- The board was made to fit into a ready-made metal enclosure. I was worried about the heat that the LED driver chip might give off, so I planned on, if need be, use the case as an additional heatsink.
This board worked fine as a first experiment, but had a number of downsides:
- The white PCB is ugly as sin. Even though it would have been hidden entirely within the case, it’s still just terrible to look at, plus it’s super hard to see PCB traces. Use white only if you use your PCB as a design element, never for functional boards.
- I still had trouble even interfacing with the PCA LED driver. Debugging the I²C signals was near impossible, as there was no (easy) access to the necessary pins.
- There was no debug output anywhere. If something in my code didn’t work, I had no way of seeing anything. It was basically coding blind.
- adds additional pins to hook an oscilloscope into the I²C traffic,
- adds a status LED for debugging / healthchecks,
- adds a power LED,
- significantly improves the silkscreen.
This revision is also the first board where I ever used the Groucho Marx picture as my “logo”.
This board taught me
- use a different footprint for the LED driver, it’s just not solderable by hand…
- my attempt at building a UART pin header (to allow me to program the ATmega chip) was borked in so many ways, from broken restarts to timing issues and whatnot.
(is lost to history)
This revision improves the problems from 2.1:
- a better UART connector with properly connected CTS/CTR pins,
- a smaller bulk capacitor, as the larger one was simply overkill,
- the diode to prevent wrongly polarized barrel jack connectors was removed: the voltage regulator is already protected against reverse polarity.
I purchased TSSOP variants of the LED driver and so was also able to change its footprint, making soldering so much easier for me.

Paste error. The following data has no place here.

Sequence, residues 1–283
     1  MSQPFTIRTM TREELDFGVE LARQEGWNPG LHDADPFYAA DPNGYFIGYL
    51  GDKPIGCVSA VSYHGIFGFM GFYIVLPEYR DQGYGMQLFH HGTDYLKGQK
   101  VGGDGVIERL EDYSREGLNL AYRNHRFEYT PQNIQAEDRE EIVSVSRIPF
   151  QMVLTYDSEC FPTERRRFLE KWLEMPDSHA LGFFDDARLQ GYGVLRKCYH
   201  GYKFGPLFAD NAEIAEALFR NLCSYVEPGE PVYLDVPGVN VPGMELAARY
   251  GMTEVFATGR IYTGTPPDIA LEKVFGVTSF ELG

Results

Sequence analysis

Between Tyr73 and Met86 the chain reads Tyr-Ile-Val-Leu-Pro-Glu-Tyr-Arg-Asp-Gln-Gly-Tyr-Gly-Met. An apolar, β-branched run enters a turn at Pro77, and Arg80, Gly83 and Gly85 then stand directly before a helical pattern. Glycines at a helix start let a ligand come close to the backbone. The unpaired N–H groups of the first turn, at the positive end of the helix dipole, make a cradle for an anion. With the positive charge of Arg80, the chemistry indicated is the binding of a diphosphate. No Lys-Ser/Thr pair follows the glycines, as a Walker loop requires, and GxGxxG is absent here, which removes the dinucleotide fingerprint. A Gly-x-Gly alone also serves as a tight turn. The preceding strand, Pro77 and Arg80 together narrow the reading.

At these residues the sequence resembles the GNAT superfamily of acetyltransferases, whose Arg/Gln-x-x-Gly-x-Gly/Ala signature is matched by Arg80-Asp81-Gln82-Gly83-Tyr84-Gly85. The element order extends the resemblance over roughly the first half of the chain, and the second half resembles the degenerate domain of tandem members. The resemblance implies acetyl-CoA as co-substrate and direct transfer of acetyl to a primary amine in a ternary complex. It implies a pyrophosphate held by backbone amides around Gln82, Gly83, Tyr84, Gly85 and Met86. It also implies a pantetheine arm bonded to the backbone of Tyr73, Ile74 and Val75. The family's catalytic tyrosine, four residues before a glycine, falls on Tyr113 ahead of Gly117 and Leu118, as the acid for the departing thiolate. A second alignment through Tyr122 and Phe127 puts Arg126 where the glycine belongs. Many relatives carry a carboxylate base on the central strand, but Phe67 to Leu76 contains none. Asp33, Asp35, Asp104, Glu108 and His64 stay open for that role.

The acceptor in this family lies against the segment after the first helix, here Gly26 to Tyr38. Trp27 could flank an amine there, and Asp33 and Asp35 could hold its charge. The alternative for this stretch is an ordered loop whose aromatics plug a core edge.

In this revision I realized that powering the device with a 12V barrel jack just sucks. Instead I pivoted to using USB (i.e. 5V) and use a switching regulator instead of a linear one. This keeps the voltage drop small enough and reduces the waste heat considerably.
Note that I used MiniUSB on purpose: most of the cheap micro USB connectors fit way too tight for my liking and USB-C connectors are an unnecessary hassle for hand soldering PCBs.
Between 3.0 and 4.0, I worked on another project and for that I purchased a whole bunch of laser-cut acrylic plates. I used these as the “case” for my project and once that was finished, I had so many laying around that I wanted to convert Blinketto into the same form factor.
Additionally I got more comfortable with ESP8266 micro controllers and so the whole Blinketto board was redesigned from the ground up.
- has WiFi support,
- uses much smaller connectors (3,5mm connectors) to fit all 8 on the PCB without interfering with the mounting poles,
- has a USB<->UART converter chip on board to allow programming by just plugging Blinketto via USB into my computer,
- has a shift register to handle the plug-in states for the 8 outputs. The ESP8266 does not have enough built-in GPIO pins to connect all 8 outputs straight to it, so a shift register was added to hold the state,